The backdrop is tragic.
Back in 2015, the people in Longyearbyen were preparing for a peaceful Christmas celebration. There is hardly anything more peaceful on earth that Christmas in Svalbard. In the iconic houses with their peaking roofs, just below Sukkertoppen mountain, life ran its regular course.
The rest is death and chaos
Then the avalanche hit. The rest is death and chaos. But quickly also a heroic effort by the population of Longyearbyen. In a matter of minutes, homes were turned into rubbles and smithereens. Children were dug out using frying pans. It was pitch black dark, cold, and a sinister wind was blowing.
After the incident, two sober press releases from the Svalbard Governor stated that a man and a child died in the avalanche. Nine people were injured, 11 houses smothered. For a long time, the ruins lay at the center of Longyearbyen, a monument to the ravaging power of nature. A brutal memorial over a tragedy that had struck the entire town.
Since then, avalanches have continued. Climate changes have made evacuations a regular part of everyday life for the inhabitants of Longyearbyen. Major parts of Longyearbyen's population have been moving around since then, looking for secure surroundings.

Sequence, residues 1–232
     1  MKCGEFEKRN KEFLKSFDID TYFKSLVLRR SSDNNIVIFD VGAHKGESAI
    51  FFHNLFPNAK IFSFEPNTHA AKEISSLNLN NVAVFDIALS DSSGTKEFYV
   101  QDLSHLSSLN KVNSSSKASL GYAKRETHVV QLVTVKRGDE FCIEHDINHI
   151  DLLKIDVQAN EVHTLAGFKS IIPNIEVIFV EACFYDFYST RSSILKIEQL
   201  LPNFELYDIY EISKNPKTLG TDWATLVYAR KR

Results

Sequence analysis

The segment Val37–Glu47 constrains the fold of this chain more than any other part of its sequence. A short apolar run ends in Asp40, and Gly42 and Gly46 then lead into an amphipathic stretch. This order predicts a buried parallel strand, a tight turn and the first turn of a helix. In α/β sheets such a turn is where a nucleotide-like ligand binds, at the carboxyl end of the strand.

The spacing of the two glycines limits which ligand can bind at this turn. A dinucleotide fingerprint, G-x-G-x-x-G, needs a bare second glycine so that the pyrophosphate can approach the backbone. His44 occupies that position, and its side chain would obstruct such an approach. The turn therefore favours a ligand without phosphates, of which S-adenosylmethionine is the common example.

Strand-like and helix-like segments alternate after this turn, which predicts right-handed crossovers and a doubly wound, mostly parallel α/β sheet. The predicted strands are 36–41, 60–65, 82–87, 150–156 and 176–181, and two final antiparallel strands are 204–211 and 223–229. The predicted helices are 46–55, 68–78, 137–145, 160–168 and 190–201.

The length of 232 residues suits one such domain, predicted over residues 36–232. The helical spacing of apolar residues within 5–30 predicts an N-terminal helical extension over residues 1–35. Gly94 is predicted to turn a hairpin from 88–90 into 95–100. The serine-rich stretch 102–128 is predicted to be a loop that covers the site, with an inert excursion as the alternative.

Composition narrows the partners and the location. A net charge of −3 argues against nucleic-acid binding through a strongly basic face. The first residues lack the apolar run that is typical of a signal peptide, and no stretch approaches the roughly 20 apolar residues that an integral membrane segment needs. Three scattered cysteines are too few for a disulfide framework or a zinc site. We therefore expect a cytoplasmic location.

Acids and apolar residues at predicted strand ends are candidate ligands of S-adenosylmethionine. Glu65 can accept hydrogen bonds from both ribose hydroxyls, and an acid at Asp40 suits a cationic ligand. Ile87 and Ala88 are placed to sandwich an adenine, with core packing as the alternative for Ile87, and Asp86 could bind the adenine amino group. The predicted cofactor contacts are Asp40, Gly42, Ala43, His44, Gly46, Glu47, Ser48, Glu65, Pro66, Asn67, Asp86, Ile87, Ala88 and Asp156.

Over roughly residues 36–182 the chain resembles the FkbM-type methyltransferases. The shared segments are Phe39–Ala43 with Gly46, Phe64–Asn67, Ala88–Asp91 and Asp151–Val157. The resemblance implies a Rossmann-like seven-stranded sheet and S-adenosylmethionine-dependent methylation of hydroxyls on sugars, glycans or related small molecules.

Digging for life
Prime Minister Erna Solberg wanted to see this with her own eyes. She got to see it together with some of the victims, the parents who – in a completely surreal way – found their two little children alive under the enormous amounts of snow, snow that pushed its way into the apartments and moved the houses yards away from their foundations.
I was at the scene myself while the remains of former homes lay crushed on the ground. It left a strong impression, as Arctic accidents always do. The images of the dramatic rescue effort is still glued to my retina. In the light of head lamps, people were literally digging for life.
More than four years later, Erna Solberg packs her suitcase and goes to Longyearbyen. In this way she, too, can assert Norwegian sovereignty, while the objections against Norwegian management of the Svalbard Treaty pour in from Russia.
In her suitcase, one also finds a Fisheries Minister who is clinging to his ministerial post while public support in the form of generous severance pay fills his pockets. it is her responsibility to clean that up. As it is now, Erna Solberg runs the risk that important politics, such as Norway’s role in the Arctic, drown in personnel politics. The Fisheries Minister sets the agenda, far away from the center of events.
The fact that she, like the rest of the Norwegian population, is sad that artist Jahn Teigen died, is fair enough.
The responsibility of the press
And perhaps she should have refused to answer questions about Teigen and Sørensen while she was at the scene of the avalanche.
Nevertheless, the press also carries an independent responsibility for behaving with decency, regardless of what the PM would think. Not everyone who accompanied the PM to Svalbard lived up to that responsibility.
Press ethics fading proportionally to the distance to the press offices is nothing new. But I can hardly imagine that a dramatic crime scene in Oslo would be ignored in the same emotionless way.
This op-ed was originally published in Norwegian and has been translated by HNN's Elisabeth Bergquist.